“Folks will be here for two days of fun, fellowship and enlightenment,” he said. “We are excited about hosting the festival as we welcome our old friends. We invite all to come see what we have to offer as we reconnect with our Appalachian heritage while enjoying the exquisite autumn in a most magnificent setting.”
As a premier folk and arts event, the Swappin’ Meetin’ continues to attract an impressive lineup of artisans who eagerly demonstrate their craftsmanship. For 2012, demonstrators will include basket weavers Frances Whitaker and Eleanor Smith; flute maker, Bruce Helton; chair caning, Stewart Whitaker; dulcimer making, Payton Manning; chain saw carving, Joe Salyers; scroll saw art by Donald Honeycutt; wood carvers, Robert and Oneatta Smith; spinning by Fern Cornett; lye soap making by Francis Amily; broom making by Larry Counts; sorghum molasses cooking by SKCTC faculty and staff, and Raku pottery creations and demonstrations done by SKCTC staff and students.
Throughout the two-day event, a variety of music will be presented and will feature beginning Oct. 5, music by Lonnie Burkhart and Zelma Forbes, who will also serve as masters of ceremonies; Marlow Tackett, Roy Harper, Harlan County High School Choir, Brooklyhn Woods, Jim Mullins and Company, Derek Jeffers. On Saturday, Oct. 6 taking the main stage will be Jake and Ruby Ravizee and the Greater Mt. Sinai spiritual group. Additionally, singers Jason Collins, Raymond Smith, Seth Carmical, Tommy White, Anna Jo Creech, Peggy Green, Seth Murphy, Mary Lynn Franks and Tammy Chapman are scheduled to perform.
During each festival, various individuals are honored for their contributions as artists, workers and supporters, all of whom have played key roles in helping the Kingdom Come Swappin’ Meetin’ reach its pinnacle of success.
Southeast President Dr. W. Bruce Ayers, who began his association with the college as a student in 1964 and who, for the past 27 years, has been president, will be honored as the 2012 Swappin’ Meetin’ Honoree. Ayers, who will retire next June, has been a tireless supporter of the festival and over the years has held countless jobs as a worker, participant and supporter. During his time at the college, the event has enjoyed significant grow, where today the festival attracts several thousand people for the two-day event held along the banks of Cloverlick Creek in Cumberland.
The Swappin’ Meetin’ Faculty Award for 2012 will be given to Professor Carlton W. Hughes, and the Savannah Delph Award will be awarded to Dianne Corriston, with the Staff Award going to Scotty Carruba. The Quilting Award will be presented to members of the Poor Fork Quilters. Their collective work will be showcased in the gallery of the Edsel Godbey Appalachian Center beginning Friday morning until 4 p.m. Saturday.
No Kingdom Come Swappin’ Meetin’ would be complete without contests. Over the years, various contests have given local folks the opportunity to showcase their skills and expertise in a wide-ranging spectrum of competitions. Set for this year will be the Pickles, Jams and Jellies Contest, Quilt Contest, Baked Goods Contest, Hog Calling Contest, Great Pumpkin Contest, Story Telling Contest, Checkers Contest, a Cake Walk and the Photography Contest sponsored by the Tri-City News.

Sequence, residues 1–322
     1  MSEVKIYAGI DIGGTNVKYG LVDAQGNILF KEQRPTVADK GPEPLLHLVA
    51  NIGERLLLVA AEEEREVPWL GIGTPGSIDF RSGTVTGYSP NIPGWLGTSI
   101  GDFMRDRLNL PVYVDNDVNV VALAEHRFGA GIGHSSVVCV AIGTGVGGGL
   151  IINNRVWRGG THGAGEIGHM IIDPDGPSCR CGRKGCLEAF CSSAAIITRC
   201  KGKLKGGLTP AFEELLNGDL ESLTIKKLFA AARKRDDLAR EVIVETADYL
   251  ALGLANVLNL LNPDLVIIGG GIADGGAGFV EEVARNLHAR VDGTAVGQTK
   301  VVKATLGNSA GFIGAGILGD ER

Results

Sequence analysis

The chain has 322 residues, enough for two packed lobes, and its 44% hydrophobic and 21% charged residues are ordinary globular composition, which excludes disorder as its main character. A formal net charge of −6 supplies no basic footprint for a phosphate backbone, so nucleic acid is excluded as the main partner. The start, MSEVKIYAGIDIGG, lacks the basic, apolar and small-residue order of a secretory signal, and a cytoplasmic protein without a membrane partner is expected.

“We invite all to come out and enjoy the 48th Kingdom Come Swappin’ Meetin’, “ said Corriston. “It proves to be a fun time, a wonderful time for all. We surely hope to see you there!”
For further details about the festival, contact Corriston at the SKCTC Cumberland campus by phoning 606/589-3137.
During the 48th Annual Swappin’ Meetin’ , one of the main events this year will be the gospel singing on Friday night, Oct. 5th. It will be at 5:30pm in the Godbey Appalachian Center on the Cumberland campus. The event will feature anionted Holy Ghost filled gospel singers from the Harlan County area such as Tammie Chapman from Harvest Worship Center, Seth Carmical from the Coldiron Church of God, Tommy C. White from The Hanson Christian Church, Peggy Green from Mt. Assembly Church of God, Jake & Ruby Ravizee from Rising Star Baptist Church, Jason & Crystal Collins and Jason & Aarin Collett from the Cawood Pentecostal Holiness Church, the Mt. Sinai Spirituals from Greater Mt. Sinai Baptist Church, and two young up and coming gospel artists Anna Jo Creech from Cumberland Pentecostal Church, and Seth Adam Murphy from Loyall Baptist Church. Come ready tow orship and give praise to God, as these anointed singers minister in testimony and song, to lift their voices and give glory to our Lord and Savior Jesus Christ.
The first annual Kingdom Come Swappin’ Meetin’ 5K run and a one-mile walk will be held Saturday, Oct. 6 beginning at 8 a.m. on the Cumberland campus of Southeast Kentucky Community & Technical College. The event will begin in the lower parking lot of the campus with participants following a course across the city of Cumberland before returning to the campus. The event is being held in conjunction with the 48th Kingdom Come Swappin’ Meetin’, one of the premier folk, arts and music festivals in Kentucky.
The entry fee for the 5K or the one mile run is $15 in advance of the race date, or $20 on the day of the event.
The competition is being coordinated by college staff members Chris Hockenberry, Kristen Simpson and Susan Croushorn. For additional information, contact Mr. Hockenberry at 589-3144 or via email: email@example.com